The Power of Conversation

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It’s a well known fact that a problem shared is a problem halved, right? But when you’re feeling down or worried sometimes talking about your feelings can seem too hard. For some people it could be easier to bury these feelings and try and carry on regardless, or for others admitting how they truly felt would seem a sign of weakness.

As you may know it’s Mental Health Awareness week in the UK, so this year I’ve decided to write about the power of conversation, and why you don’t have to deal with everything on your own.

Talking to others about their feelings is something men can be particularly bad at, especially when it comes to any concerns about their physical or mental health. To quote the columnist and campaigner Bryony Gordon in her recent article “Women are encouraged to talk about their problems. Men just have football.” Prince Harry was recently praised for his honesty in talking about his mental health – something which will hopefully change the stereotypical view that British men should have a ‘stiff upper lip’ and not show any sign of emotion.

This gender divide has led to inequality in mental health. In 2016, 3 times more men committed suicide than women. Suicide takes more lives of men under the age of 45 than accidents or disease.

Why is it that men are more at risk of suicide than women, when more women are diagnosed with a common mental illness? One explanation is that men aren’t as good at accessing healthcare as women – for example in the first 3 quarters of 2015, only 36% of those who accessed Improving Access to Psychological Therapy (IAPT) services were male*. Men are also less willing to let others know if they have a problem, with one survey finding that only a quarter of men said they had disclosed a mental health problem to a friend within a month, compared to a third of women. Almost 30% of men said they never tried to access help for their last mental health problem, compared to just under 20% of women **.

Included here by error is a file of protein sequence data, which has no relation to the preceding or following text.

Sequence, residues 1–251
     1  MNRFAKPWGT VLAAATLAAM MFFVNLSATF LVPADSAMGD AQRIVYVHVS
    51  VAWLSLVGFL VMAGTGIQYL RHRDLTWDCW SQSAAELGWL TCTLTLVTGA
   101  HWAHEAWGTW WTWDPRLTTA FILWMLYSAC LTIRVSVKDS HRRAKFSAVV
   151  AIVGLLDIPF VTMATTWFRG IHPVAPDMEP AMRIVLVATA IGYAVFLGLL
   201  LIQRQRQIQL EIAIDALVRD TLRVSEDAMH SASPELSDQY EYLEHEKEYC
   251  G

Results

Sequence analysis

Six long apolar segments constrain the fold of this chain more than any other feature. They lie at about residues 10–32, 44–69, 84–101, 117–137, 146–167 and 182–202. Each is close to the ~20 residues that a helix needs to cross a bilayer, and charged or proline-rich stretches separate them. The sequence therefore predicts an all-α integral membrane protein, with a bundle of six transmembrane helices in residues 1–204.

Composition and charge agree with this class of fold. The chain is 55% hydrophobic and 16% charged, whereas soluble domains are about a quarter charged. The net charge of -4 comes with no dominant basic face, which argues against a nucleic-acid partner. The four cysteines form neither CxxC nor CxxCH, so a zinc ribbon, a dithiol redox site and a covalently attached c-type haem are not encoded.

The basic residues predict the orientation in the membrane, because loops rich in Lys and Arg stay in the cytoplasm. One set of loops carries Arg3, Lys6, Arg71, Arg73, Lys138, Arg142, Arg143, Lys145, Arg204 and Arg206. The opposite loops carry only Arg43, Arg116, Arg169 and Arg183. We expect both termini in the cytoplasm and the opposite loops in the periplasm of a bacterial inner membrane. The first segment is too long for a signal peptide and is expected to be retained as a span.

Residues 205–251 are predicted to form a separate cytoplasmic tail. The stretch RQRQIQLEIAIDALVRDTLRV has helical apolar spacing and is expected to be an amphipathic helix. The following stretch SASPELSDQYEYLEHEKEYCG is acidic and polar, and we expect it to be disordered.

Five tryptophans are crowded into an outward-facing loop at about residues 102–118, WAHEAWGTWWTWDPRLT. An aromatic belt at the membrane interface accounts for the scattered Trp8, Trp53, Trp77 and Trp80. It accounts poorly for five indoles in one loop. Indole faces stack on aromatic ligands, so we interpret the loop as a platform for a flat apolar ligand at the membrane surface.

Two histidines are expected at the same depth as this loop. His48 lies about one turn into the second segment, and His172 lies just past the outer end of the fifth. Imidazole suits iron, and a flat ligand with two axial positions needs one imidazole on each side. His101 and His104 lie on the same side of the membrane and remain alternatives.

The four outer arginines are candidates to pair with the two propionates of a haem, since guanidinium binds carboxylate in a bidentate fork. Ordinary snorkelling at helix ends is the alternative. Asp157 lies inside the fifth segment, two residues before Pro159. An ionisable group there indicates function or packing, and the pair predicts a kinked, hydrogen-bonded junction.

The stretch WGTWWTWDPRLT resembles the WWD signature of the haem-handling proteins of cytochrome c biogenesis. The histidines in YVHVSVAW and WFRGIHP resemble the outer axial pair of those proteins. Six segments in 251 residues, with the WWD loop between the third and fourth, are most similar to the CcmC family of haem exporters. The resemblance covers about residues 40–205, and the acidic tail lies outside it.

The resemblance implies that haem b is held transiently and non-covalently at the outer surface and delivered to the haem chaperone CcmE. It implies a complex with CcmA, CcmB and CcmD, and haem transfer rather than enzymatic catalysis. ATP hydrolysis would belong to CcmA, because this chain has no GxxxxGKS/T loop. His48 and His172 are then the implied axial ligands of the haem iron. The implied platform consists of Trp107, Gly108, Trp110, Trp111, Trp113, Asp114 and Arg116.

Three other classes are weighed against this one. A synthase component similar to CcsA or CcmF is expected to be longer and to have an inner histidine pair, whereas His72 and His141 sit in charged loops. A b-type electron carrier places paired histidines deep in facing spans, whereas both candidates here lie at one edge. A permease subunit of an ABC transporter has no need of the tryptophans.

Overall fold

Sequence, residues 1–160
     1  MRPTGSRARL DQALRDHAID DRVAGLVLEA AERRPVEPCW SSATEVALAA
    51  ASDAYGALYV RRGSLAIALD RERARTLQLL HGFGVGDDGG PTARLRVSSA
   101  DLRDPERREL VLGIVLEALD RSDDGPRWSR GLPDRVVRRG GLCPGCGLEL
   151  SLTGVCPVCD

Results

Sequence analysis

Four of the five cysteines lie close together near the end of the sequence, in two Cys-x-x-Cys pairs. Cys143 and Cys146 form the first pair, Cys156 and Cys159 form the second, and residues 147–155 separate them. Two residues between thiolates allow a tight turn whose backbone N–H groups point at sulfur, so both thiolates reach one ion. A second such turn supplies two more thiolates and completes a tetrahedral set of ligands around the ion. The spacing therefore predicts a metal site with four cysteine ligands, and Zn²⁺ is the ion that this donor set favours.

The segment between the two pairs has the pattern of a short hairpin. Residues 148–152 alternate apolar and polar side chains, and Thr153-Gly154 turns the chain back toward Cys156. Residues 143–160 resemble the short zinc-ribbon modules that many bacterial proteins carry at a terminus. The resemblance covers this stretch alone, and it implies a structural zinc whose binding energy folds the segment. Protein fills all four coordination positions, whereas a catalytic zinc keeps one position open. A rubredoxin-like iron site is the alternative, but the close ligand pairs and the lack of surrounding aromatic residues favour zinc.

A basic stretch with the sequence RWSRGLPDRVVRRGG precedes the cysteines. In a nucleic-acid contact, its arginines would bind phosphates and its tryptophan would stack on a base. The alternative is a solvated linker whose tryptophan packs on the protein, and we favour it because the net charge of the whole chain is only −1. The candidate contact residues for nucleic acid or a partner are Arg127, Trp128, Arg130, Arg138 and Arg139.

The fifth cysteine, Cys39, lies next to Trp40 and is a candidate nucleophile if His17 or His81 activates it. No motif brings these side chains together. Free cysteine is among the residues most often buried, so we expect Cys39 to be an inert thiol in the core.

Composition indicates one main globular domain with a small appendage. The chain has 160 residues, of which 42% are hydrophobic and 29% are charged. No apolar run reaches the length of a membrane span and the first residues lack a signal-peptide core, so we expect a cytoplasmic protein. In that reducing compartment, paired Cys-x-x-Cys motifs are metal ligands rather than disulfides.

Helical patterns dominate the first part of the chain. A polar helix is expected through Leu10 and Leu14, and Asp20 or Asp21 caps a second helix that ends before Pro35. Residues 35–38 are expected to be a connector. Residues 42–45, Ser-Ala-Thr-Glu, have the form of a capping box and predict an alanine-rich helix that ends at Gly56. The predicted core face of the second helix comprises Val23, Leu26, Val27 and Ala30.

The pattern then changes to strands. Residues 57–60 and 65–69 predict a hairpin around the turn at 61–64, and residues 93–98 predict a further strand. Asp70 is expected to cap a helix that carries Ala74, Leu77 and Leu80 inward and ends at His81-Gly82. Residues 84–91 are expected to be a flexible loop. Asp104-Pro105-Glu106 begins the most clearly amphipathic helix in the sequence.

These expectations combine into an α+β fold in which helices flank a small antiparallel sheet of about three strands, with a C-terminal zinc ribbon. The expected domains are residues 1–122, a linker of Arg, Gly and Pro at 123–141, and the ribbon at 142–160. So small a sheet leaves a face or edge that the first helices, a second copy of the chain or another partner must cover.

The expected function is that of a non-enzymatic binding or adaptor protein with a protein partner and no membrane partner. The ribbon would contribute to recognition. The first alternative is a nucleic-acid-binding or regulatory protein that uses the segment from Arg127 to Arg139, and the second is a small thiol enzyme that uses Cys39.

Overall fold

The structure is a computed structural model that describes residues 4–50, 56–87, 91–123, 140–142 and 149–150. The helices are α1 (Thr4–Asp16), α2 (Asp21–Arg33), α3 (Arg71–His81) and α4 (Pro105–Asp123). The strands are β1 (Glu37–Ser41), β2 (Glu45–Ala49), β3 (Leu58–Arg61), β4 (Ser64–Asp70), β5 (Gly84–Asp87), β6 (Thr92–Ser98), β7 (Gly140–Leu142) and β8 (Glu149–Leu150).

Accessing the correct care early is vital in the successful treatment of mental illness. For most common mental illnesses, talking therapies are used as a form of treatment (possibly in conjunction with medication). These include Cognitive Behavioural Therapy (CBT), Psychotherapy, Dialectic Behaviour Therapy, or Counselling – just to name a few. Having the opportunity to talk about thoughts and behaviours with a trained professional can give you the space to work out the cause of your worry or identify any patterns in your thinking which contribute to negative feelings. Therapies such as CBT also try to change behaviours using set goals agreed between the patient and professional which can lead to an improvement in mental wellbeing.